Domestic Violence Cases Doubled in India During Covid-19 Lockdown: Experts in JMI Webinar


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Domestic violence cases have increased twofold during the pandemic and, due to social distancing, women were cut off from all kinds of support.

Clarion India

NEW DELHI — The Department of Social Work, Jamia Millia Islamia (JMI) organised a webinar on ‘Domestic Violence during Covid-19 Pandemic and Solution-Based Interventions’ on Saturday as part of the Jamia Centenary Celebrations.

The objective of the webinar was to understand gender-based violence, especially domestic violence, in social work perspective and suggesting solution-based interventions.

Two eminent speakers–Dr. Urvashi Gandhi, Director for Global Advocacy, Breakthrough India and Dr. Sanghamitra Dhar, Consultant UN Women, EVAW–provided an insight into the situation of domestic violence in India during the covid-19 lockdown where the women have been forced to stay at home with their abusers at a time when there is extreme volatility all around.

As per the reports, the cases of domestic violence have increased twofold and due to social distancing they were cut off from all kinds of support. One-Stop Crisis Centres are not available in all states as those in some districts were inaccessible for women.

The speakers discussed the kind of support services being provided to women by CSOs and the government.  The resource persons also provided a way forward to social work professionals to deal with the problem of domestic violence during the lockdown.

They stressed the need for challenging the norms normalising the violence within the four walls of the family. There is a need for advocacy, mass awareness by media and community mobilisation. There is a need for rights-based approach to ensure that every woman, including the most marginalised, has access to necessary information, support systems and resources during the current crisis.

In her welcome address, Prof. Archana Dassi, Head of the Department, highlighted the fact that covid-19 pandemic had brought a tsunami of collateral impacts on social, economic, cultural and public health systems. Although there is an on-going effort to manage and minimize its effects on the human population, it is important to consider the disproportionate burden that covid-19 pandemic extends to women–calling for a fresh design to the rendered emergency response.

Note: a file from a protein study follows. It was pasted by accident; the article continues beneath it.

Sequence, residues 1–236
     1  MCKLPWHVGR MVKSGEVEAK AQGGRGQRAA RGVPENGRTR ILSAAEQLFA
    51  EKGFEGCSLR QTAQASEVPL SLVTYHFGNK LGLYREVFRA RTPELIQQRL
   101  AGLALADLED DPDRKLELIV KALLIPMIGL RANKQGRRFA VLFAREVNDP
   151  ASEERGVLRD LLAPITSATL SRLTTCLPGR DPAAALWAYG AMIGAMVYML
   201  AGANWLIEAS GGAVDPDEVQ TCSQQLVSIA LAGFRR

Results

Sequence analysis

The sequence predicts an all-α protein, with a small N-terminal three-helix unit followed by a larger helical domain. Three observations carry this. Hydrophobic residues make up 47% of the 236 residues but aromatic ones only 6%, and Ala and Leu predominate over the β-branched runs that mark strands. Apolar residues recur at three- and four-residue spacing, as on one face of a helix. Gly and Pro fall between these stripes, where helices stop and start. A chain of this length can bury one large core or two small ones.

One of the ways in which the covid-19 crisis has affected Indian women is her vulnerability to domestic violence, or, rather intimate partner violence. India’s National Commission for Women has reported that there has been more than twofold rise in gender-based violence during the lockdown in India.

The webinar was inaugurated by the Prof. Najma Akhtar, Vice Chancellor, Jamia Millia Islamia. In her inaugural address, she mentioned that during the lockdown, many women had faced an increased risk of domestic violence as they had been forced to stay at home with their abusers at a time when there was extreme volatility all around.

Prevalence of patriarchal social norms, she said, played a central role in perpetuating gender inequality, domestic violence being one of the kinds, adding that educating Indian children from an early age about the importance of gender equality could be a meaningful start in that direction. Prof Akhtar stressed upon the fact that an attitudinal shift was required in the mindset of people to bring about equality in the society.

The webinar was attended by 140 people representing the civil society organizations, academic institutions, researchers and students all across the country. The participants interacted with the speakers and had a number of questions regarding the reasons for domestic violence in India, the response of government and what should the role of trained social work professionals to address the violence against women.

The webinar was a big success and was widely appreciated by all for addressing such a significant issue during the pandemic.

Clarion India - News, Views and Insights about Indian Muslims, Dalits, Minorities, Women and Other Marginalised and Dispossessed Communities.


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